Translational and rotational entropy (⌬Stransⴙrot) Using Scheme 1, the loss of translational and rotational degrees of freedom (⫺T⌬Strans⫹rot) was found to oppose D1.3䡠HEL and trypsin䡠BPTI binding by 26 to 28 kcal/mol. The difference between this value and that (9 kcal/mol, see above) used by Novotny and coworkers (Krystek et al., 1993) is because the latter is an estimate in solution (Page and Jencks, 1971), whereas the T⌬Strans⫹rot obtained in this work was computed from Eq. 14 in the gas phase. However, the T⌬Strans⫹rot obtained for D1.3䡠HEL and trypsin䡠BPTI binding is similar to that computed for insulin dimerization (⫺27 kcal/mol) (Tidor and Karplus, 1994) and for DNAEcoRi complexation (⫺32 kcal/mol) (Jayaram et al., 1999), which are also based on ideal gas partition functions. The similarity of the magnitude of T⌬Strans⫹rot computed for the noncovalent association of molecules with varying masses suggests a near cancellation of the mass-dependent terms in the translational and rotational entropy (Eq. 14). Hence, Scheme 1 leads to a binding free energy that is nearly independent of molecular mass (Gilson et al., 1997). Because the magnitude of T⌬Strans⫹rot is comparable to that of ⌬EvdW and ⌬Gelec, it should not be neglected in computing absolute binding free energies.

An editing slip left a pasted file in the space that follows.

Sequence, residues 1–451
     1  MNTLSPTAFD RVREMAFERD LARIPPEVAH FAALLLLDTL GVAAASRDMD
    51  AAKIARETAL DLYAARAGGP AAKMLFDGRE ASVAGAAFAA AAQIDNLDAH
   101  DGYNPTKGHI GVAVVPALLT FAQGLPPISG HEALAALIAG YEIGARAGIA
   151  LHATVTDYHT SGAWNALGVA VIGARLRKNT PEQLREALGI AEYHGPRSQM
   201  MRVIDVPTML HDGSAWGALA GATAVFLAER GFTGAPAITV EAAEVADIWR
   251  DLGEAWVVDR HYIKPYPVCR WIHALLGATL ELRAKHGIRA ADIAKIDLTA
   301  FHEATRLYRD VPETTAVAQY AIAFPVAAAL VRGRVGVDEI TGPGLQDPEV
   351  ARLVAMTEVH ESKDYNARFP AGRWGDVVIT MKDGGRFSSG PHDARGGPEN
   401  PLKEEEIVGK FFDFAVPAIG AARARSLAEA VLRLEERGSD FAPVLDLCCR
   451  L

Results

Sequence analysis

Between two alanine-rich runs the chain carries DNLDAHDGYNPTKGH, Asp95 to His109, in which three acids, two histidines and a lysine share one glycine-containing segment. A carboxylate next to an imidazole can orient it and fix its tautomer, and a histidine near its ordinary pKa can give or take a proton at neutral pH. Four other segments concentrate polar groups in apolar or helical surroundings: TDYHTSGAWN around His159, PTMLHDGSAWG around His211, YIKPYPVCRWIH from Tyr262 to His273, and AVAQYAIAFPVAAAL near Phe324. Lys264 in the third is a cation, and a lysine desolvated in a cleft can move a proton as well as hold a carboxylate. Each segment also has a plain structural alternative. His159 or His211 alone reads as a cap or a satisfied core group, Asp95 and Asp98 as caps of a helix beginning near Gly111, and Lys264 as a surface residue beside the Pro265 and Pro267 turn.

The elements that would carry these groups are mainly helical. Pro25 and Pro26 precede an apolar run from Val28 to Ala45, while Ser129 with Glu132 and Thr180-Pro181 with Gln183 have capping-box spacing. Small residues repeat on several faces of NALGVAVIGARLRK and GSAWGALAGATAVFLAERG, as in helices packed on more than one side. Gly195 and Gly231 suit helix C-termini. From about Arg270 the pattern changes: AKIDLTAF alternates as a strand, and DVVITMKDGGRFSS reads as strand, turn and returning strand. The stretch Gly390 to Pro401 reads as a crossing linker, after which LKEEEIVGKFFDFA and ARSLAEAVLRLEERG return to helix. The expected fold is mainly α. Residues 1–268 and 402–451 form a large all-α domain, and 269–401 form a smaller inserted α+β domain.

Using Scheme 1, the net electrostatic effect is to oppose D1.3䡠HEL and trypsin䡠BPTI binding (⌬Gelec positive). In contrast, Novotny and coworkers found the net ⌬Gelec to be negative for D1.3䡠HEL (Novotny et al., 1989) and trypsin䡠BPTI binding (Krystek et al., 1993) (Tables 3 and 4). This is because they computed the ⌬Gelec term from a solvent-screened Coulomb potential (Eq. 20) that neglects charge solvation/desolvation effects. In later works, Novotny et al. (1997) computed ⌬Gelec using PB methods and an internal dielectric constant of 4, which yielded a positive value for the homologous HyHEL-10䡠HEL system (see Table 3, last column). The same (positive ⌬Gelec) trend was also found by Jackson and Sternberg (1995) and Polticelli et al. (1999) for trypsin䡠BPTI binding. This feature is observed in the binding of other proteins; e.g., the binding of a series of peptides to MHC class I compounds (Froloff et al., 1997), the binding of DNA to cI repressor (Misra et al., 1998) and EcoRi endonuclease (Jayaram et al., 1999), and dimer formation by the capsids of three icosahedral viruses (Reddy et al., 1998) and by the GCN4 leucine zipper (Hendsch and Tidor, 1999). Thus, it seems that the net electrostatic interactions generally oppose formation of complexes with an interface area between 1400 and 1700 Å2, but it is not clear if this is the case for near neutral proteins that form smaller interface areas, which are likely to form weaker complexes. Biophysical Journal 81(2) 737–750